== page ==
In my business role as president of Energion Publications, I’ve just cleared the proofs for the release of the book The Byzantine Text-Type & New Testament Textual Criticism by Dr. Harry Sturz. This is a reproduction of the original book, released in 1984 and is produced under license from HarperCollins Christian Books.
Note: This discussion is not intended for experts, but for people who have only occasional contact with New Testament textual criticism. While I have studied textual criticism, I am not a specialist in it by any stretch of the imagination.
We have thousands of manuscripts of all (a few) or part (many) of the New Testament. In preparing a Bible translation, translators must make choices of which manuscript readings they are going to use.
It’s easy to overestimate the problem here, because significant and/or doubtful variations form a very small part of the New Testament text. Nonetheless, in public discussions, the variants get all the press, because we like to find things that are different, and therefore more interesting.
One thing I learned early in studying textual criticism was that manuscripts should be weighed, rather than counted. What does this mean and how does it work? Well, in general textual critics divided manuscripts into three large groups, which were named for regions associated with them, though actually divided by characteristics of the text. We had the Western text, associated with Rome and parts west, the Alexandrian, associated with Alexandria, Egypt, and the Byzantine text, associated with the eastern church.
The vast majority of surviving manuscripts are of the Byzantine text-type, largely due to history. The church survived much longer, and many more copies were made in the east. In addition, a great deal of manuscript production in the west was in Latin. I’m brushing past a number of factors, but the bottom line is that there were more Byzantine manuscripts.
In the 19th century, and somewhat into the 20th, there were a large number of manuscript discoveries, or rediscoveries, which produced texts that differed from the common texts found in the majority of the manuscripts. These newly-found manuscripts were older, in general, than the existing manuscripts, and in many cases included readings that scholars thought were more likely original. This produced a strong swing in scholarly work toward the text in these newly discovered manuscripts. The Alexandrian text got a lot of attention, with the western text following not far behind. A theory developed that the Byzantine text was the result of a major editorial effort, that produced a single, new text.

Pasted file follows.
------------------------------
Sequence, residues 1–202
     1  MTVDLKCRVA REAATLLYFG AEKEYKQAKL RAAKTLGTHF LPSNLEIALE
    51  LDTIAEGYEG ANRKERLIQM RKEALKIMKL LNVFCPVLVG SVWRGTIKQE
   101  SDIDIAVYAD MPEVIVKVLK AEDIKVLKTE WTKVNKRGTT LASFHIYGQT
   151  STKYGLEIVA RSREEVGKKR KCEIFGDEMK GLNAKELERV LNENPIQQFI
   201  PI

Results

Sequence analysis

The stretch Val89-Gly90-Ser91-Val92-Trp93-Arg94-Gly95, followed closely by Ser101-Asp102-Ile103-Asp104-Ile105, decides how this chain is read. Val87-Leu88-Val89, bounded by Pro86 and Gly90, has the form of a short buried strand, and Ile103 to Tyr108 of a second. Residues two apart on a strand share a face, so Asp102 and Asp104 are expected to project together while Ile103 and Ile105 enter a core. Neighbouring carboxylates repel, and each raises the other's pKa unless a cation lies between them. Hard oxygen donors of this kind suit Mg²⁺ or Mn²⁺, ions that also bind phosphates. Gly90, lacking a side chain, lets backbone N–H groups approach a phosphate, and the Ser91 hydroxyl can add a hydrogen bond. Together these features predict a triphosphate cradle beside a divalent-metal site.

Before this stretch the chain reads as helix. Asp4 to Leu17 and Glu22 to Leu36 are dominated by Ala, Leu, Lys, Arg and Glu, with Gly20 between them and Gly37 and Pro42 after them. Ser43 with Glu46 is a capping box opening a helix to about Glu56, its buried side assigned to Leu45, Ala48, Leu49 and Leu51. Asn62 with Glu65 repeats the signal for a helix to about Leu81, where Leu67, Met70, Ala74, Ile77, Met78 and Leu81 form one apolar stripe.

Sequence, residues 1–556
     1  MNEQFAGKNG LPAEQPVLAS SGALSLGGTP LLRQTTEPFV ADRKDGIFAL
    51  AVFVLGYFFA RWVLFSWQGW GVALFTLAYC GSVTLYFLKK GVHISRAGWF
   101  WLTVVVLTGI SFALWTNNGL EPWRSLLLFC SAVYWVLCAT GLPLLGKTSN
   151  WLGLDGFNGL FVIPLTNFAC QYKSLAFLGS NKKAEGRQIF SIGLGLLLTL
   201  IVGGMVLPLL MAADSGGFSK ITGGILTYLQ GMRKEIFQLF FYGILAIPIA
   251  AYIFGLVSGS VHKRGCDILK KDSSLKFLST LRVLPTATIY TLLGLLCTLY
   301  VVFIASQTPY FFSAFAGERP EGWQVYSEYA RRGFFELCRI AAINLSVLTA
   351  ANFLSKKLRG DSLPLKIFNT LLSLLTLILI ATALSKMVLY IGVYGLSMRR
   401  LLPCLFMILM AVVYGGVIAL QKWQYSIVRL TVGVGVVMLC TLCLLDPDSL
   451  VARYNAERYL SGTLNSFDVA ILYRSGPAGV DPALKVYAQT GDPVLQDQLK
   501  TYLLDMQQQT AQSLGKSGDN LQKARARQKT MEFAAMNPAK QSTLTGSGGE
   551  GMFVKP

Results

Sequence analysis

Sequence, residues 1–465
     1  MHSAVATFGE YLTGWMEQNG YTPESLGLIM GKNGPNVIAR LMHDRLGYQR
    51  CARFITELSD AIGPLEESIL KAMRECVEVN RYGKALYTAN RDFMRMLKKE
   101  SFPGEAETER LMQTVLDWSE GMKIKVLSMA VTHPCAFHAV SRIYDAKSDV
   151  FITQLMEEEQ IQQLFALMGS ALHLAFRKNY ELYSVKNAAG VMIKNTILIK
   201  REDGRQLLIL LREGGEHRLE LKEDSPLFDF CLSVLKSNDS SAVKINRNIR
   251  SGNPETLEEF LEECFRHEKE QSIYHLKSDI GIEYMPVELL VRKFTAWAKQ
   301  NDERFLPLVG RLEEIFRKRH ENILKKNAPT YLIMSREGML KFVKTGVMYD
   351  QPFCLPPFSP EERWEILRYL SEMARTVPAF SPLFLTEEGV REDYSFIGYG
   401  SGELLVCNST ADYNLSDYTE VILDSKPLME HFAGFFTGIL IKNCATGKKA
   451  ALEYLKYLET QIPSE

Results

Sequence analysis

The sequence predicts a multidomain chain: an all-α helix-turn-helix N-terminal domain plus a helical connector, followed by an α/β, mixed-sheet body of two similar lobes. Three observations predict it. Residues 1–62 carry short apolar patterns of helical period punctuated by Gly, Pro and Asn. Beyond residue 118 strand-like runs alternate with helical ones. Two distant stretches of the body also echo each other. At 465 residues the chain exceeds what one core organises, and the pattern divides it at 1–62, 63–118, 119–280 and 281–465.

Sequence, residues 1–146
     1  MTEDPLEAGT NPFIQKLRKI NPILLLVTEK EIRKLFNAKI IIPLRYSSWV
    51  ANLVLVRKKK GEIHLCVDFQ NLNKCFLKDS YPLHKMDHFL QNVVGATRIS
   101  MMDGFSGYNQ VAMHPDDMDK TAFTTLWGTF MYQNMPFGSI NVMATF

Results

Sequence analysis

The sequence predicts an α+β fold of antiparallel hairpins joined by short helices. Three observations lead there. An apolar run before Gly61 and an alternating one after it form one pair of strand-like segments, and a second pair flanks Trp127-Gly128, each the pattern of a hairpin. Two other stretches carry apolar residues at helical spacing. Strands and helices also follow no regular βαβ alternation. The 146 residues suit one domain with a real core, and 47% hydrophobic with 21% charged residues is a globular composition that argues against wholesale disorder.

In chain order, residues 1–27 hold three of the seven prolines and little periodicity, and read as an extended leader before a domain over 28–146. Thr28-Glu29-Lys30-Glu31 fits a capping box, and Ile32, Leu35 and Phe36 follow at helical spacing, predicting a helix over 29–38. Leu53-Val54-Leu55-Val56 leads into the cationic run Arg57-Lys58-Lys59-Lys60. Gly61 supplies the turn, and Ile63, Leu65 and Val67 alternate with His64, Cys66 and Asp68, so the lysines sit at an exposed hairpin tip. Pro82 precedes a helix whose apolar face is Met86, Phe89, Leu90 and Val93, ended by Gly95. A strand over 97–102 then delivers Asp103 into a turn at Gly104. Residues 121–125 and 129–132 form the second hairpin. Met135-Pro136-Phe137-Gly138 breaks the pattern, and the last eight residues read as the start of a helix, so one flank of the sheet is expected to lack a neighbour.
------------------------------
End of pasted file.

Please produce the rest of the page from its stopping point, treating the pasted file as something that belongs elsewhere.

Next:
As a result, two things happened. First, the Byzantine text was considered generally more recent than those newly discovered manuscripts, and second that it was likely to have readings that were essential 4th/5th-century revisions. At most, it could reflect essentially one manuscript.
Opposed to this general consensus, on which the text of most modern Bible versions has been based, was the view that the reason we had more Byzantine manuscripts was that the text was actually better preserved there, so that it should be preferred, and manuscripts from the other text-types should be considered some sort of aberration.
Dr. Sturz argued that the Byzantine text-type could and did preserve older readings. It was not to be preferred over all others, but its readings should be given due consideration in all cases. He provided evidence that many Byzantine readings show up in early papyri, showing either that if there was any unifying editorial process, it had not been one that erased all of the prior evidence.
The general result of accepting Dr. Sturz’s argument is to improve the evidence that we have for determining the text of the New Testament, as well as change the weight we give to various sources.
I am glad to be able to release this important book and make it available at a reasonably price again. On the Energion Publications retail site, it will be available for $22.99 (suggested retail 24.99) through Wednesday, which is the official release date.
Below is an interview I conducted with Dr. David Alan Black (who wrote the preface to the new edition) and Dr. Abidan Shah.